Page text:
Existing evidence on the toxicity of airborne lead would justify a complete ban on leaded gasoline, a three-judge panel of the United States Court of Appeals for the District of Columbia said yesterday.
In language that some attorneys interpreted as inviting the Environmental Protection Agency to institute such a ban, Judge Patricia M. Wald wrote, "the demonstrated connection between gasoline lead and blood lead and the demonstrated health effects of blood lead . . . would justify EPA in banning lead from gasoline entirely."
The unusual statement came in a unanimous opinion upholding the agency's ceiling on permissible lead levels in leaded gasoline. Small refiners had challenged the agency's requirement that they meet an interim ceiling on the lead content of their leaded gasoline; the court accepted this argument of the small refiners.
More than half the gasoline produced in the United States is unleaded, largely because lead ruins the catalytic converters mandated by EPA in later-model cars. Catalytic converters are designed to control emissions of other pollutants.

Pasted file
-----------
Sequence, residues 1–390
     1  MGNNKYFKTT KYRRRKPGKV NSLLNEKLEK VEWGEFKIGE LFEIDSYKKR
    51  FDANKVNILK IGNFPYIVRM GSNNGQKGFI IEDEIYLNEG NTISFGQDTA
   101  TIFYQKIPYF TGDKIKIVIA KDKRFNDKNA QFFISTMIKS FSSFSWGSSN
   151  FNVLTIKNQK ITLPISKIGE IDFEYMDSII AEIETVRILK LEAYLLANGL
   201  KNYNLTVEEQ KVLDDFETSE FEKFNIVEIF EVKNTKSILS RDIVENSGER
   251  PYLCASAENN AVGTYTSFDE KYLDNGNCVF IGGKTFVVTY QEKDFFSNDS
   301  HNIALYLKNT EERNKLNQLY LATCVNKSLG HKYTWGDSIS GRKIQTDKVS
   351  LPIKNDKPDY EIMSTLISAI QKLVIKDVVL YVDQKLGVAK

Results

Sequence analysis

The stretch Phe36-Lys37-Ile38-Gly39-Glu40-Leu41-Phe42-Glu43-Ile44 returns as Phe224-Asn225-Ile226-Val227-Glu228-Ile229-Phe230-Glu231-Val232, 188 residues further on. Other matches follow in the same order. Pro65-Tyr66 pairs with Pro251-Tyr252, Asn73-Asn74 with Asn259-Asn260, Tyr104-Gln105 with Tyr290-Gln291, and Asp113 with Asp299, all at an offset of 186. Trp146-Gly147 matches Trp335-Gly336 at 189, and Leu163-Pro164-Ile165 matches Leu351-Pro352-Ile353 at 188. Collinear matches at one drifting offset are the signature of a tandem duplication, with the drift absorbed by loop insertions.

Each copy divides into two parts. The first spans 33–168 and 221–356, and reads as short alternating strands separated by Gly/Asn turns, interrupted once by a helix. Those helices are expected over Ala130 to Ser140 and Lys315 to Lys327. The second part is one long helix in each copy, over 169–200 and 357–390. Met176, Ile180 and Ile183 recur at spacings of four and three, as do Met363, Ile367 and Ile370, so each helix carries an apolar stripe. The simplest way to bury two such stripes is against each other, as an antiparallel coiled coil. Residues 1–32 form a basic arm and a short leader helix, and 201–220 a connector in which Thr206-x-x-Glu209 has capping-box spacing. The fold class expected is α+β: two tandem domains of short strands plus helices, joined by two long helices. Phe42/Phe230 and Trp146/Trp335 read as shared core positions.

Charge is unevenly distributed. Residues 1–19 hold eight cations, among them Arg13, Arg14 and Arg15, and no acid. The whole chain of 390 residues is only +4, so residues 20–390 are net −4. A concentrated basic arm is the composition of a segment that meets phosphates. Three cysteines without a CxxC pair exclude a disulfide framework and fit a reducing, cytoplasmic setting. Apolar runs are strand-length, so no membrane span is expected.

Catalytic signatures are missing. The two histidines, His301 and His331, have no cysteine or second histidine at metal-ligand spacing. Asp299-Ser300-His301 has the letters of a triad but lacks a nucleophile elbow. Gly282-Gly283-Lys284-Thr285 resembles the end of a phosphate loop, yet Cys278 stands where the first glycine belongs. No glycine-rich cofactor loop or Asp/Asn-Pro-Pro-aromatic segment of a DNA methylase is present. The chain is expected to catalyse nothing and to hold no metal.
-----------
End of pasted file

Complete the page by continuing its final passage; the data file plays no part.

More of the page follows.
The ruling comes as the EPA is laying the groundwork for new rules limiting the concentration of airborne lead. The existing rules on concentrations of six separate air pollutants are reviewed every five years.
In addition to the statement encouraging a ban on leaded gasoline, the opinion said that a review of scientific evidence indicates that it may take less lead than previously thought to present a "significant risk of adverse health effects" in children.
Noting that the current "recognizable danger point" of blood lead levels is 300 micrograms per liter of blood, the opinion said "recent studies suggest that the recognized danger point . . . is too high and that lead reduces intelligence at blood lead levels as low as" 100 to 150 micrograms per liter of blood.
It added that, if the danger point really is as low as 100 micrograms of lead per liter of blood, half the children in the United States would face the risk of lead poisoning.
While upholding EPA's ceiling levels for lead in gasoline, the court said the agency offered little justification for the standard.